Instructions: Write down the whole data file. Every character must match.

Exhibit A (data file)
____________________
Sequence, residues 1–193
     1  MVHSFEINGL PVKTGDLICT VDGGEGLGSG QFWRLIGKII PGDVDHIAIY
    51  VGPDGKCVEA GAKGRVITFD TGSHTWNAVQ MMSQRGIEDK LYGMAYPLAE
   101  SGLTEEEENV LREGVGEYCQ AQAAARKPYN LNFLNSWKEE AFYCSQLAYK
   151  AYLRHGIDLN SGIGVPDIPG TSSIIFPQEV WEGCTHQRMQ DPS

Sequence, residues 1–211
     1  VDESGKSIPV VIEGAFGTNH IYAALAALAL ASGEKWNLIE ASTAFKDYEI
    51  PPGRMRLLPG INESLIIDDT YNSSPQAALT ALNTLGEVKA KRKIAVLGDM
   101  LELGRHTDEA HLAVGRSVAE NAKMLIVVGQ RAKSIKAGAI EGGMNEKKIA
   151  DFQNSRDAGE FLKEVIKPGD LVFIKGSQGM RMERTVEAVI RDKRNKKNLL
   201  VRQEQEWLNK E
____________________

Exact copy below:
Sequence, residues 1–193
     1  MVHSFEINGL PVKTGDLICT VDGGEGLGSG QFWRLIGKII PGDVDHIAIY
    51  VGPDGKCVEA GAKGRVITFD TGSHTWNAVQ MMSQRGIEDK LYGMAYPLAE
   101  SGLTEEEENV LREGVGEYCQ AQAAARKPYN LNFLNSWKEE AFYCSQLAYK
   151  AYLRHGIDLN SGIGVPDIPG TSSIIFPQEV WEGCTHQRMQ DPS

Sequence, residues 1–211
     1  VDESGKSIPV VIEGAFGTNH IYAALAALAL ASGEKWNLIE ASTAFKDYEI
    51  PPGRMRLLPG INESLIIDDT YNSSPQAALT ALNTLGEVKA KRKIAVLGDM
   101  LELGRHTDEA HLAVGRSVAE NAKMLIVVGQ RAKSIKAGAI EGGMNEKKIA
   151  DFQNSRDAGE FLKEVIKPGD LVFIKGSQGM RMERTVEAVI RDKRNKKNLL
   201  VRQEQEWLNK E